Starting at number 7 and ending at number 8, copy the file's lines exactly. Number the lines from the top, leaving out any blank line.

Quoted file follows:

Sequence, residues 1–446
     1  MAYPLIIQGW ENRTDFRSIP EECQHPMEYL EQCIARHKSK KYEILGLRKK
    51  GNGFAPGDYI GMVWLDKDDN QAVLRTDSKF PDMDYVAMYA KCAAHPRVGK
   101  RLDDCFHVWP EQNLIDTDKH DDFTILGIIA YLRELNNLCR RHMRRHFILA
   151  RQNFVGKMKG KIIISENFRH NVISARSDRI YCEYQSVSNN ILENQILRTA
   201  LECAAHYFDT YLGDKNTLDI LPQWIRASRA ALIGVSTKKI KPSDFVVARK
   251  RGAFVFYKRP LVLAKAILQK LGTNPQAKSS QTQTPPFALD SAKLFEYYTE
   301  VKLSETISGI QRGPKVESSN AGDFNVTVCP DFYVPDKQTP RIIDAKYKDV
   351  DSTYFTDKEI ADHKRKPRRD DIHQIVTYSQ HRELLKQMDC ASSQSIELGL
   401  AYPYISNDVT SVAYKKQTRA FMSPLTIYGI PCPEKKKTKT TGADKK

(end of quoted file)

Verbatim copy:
   251  RGAFVFYKRP LVLAKAILQK LGTNPQAKSS QTQTPPFALD SAKLFEYYTE
   301  VKLSETISGI QRGPKVESSN AGDFNVTVCP DFYVPDKQTP RIIDAKYKDV